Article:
10 graphs of experimental data are given. Can you use a spreadsheet to find algebraic graphs which match them closely, and thus discover the formulae most likely to govern the underlying processes?

Work with numbers big and small to estimate and calculate various quantities in physical contexts.

Work with numbers big and small to estimate and calculate various quantities in biological contexts.

Examine these estimates. Do they sound about right?

Can you sketch graphs to show how the height of water changes in different containers as they are filled?

Work out the numerical values for these physical quantities.

Many physical constants are only known to a certain accuracy. Explore the numerical error bounds in the mass of water and its constituents.

To investigate the relationship between the distance the ruler drops and the time taken, we need to do some mathematical modelling...

Make your own pinhole camera for safe observation of the sun, and find out how it works.

Make an accurate diagram of the solar system and explore the concept of a grand conjunction.

Where should runners start the 200m race so that they have all run the same distance by the finish?

In Fill Me Up we invited you to sketch graphs as vessels are filled with water. Can you work out the equations of the graphs?

Can you work out which processes are represented by the graphs?

In which Olympic event does a human travel fastest? Decide which events to include in your Alternative Record Book.

Get some practice using big and small numbers in chemistry.

Use trigonometry to determine whether solar eclipses on earth can be perfect.

How would you go about estimating populations of dolphins?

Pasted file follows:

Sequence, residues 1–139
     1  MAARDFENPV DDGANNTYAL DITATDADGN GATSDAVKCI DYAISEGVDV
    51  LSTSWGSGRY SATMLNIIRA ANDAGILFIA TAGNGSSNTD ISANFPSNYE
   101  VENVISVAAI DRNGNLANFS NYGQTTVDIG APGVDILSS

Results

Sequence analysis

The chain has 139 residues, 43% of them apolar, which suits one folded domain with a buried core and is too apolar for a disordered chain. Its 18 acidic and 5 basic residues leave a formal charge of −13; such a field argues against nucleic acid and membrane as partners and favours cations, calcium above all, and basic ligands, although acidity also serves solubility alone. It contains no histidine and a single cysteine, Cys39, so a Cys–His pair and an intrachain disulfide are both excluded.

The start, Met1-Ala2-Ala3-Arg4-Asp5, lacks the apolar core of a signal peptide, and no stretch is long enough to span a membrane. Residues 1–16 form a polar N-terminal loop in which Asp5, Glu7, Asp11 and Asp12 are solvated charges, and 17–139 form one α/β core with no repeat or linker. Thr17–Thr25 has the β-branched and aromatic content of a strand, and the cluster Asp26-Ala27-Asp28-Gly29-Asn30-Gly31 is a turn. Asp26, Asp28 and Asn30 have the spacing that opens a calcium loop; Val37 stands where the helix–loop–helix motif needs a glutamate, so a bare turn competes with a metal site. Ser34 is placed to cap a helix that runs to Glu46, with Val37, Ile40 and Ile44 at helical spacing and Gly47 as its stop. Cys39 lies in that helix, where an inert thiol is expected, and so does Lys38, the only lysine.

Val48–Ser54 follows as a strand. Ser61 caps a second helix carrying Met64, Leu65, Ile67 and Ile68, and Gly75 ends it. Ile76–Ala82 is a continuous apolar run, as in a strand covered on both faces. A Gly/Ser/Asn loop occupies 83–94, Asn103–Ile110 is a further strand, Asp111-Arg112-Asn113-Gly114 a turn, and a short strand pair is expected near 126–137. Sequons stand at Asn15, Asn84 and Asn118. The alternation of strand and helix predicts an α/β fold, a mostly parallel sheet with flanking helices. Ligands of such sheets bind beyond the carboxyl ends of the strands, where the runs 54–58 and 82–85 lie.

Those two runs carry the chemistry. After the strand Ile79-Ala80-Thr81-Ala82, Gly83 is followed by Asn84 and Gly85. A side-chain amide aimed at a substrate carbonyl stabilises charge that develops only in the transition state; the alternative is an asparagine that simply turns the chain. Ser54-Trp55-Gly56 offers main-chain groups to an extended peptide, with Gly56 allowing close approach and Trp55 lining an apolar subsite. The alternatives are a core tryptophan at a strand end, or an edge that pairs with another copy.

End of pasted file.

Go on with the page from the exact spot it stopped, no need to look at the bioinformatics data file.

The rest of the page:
Explore the relationship between resistance and temperature

Work with numbers big and small to estimate and calulate various quantities in biological contexts.

Analyse these beautiful biological images and attempt to rank them in size order.

Can you suggest a curve to fit some experimental data? Can you work out where the data might have come from?

If I don't have the size of cake tin specified in my recipe, will the size I do have be OK?

Formulate and investigate a simple mathematical model for the design of a table mat.

Invent a scoring system for a 'guess the weight' competition.

Water freezes at 0°Celsius (32°Fahrenheit) and boils at 100°C (212°Fahrenheit). Is there a temperature at which Celsius and Fahrenheit readings are the same?

An observer is on top of a lighthouse. How far from the foot of the lighthouse is the horizon that the observer can see?

What shapes should Elly cut out to make a witch's hat? How can she make a taller hat?

This problem explores the biology behind Rudolph's glowing red nose.

Two trains set off at the same time from each end of a single straight railway line. A very fast bee starts off in front of the first train and flies continuously back and forth between the. . . .

Is it cheaper to cook a meal from scratch or to buy a ready meal? What difference does the number of people you're cooking for make?

Which dilutions can you make using only 10ml pipettes?

Imagine different shaped vessels being filled. Can you work out what the graphs of the water level should look like?

How would you design the tiering of seats in a stadium so that all spectators have a good view?

These Olympic quantities have been jumbled up! Can you put them back together again?

Can you draw the height-time chart as this complicated vessel fills with water?

Starting with two basic vector steps, which destinations can you reach on a vector walk?

The triathlon is a physically gruelling challenge. Can you work out which athlete burnt the most calories?

Which countries have the most naturally athletic populations?

Andy wants to cycle from Land's End to John o'Groats. Will he be able to eat enough to keep him going?

Various solids are lowered into a beaker of water. How does the water level rise in each case?

Use your skill and knowledge to place various scientific lengths in order of size. Can you judge the length of objects with sizes ranging from 1 Angstrom to 1 million km with no wrong attempts?